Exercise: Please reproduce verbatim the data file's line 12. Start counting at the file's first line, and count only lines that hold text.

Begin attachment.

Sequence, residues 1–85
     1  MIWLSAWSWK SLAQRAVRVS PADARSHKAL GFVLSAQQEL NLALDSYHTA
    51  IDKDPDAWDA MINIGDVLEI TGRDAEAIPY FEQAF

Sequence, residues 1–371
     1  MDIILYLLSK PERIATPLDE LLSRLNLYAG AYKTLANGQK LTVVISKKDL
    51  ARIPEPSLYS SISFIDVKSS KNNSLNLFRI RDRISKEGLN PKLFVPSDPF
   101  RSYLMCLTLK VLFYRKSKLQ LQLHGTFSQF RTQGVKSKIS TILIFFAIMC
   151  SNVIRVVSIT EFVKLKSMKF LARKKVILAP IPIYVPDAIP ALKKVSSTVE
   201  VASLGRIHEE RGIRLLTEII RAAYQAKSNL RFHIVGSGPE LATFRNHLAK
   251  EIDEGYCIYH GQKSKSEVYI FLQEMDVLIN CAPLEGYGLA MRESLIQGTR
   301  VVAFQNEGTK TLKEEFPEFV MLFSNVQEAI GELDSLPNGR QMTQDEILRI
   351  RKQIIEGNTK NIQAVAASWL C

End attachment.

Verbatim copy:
   351  RKQIIEGNTK NIQAVAASWL C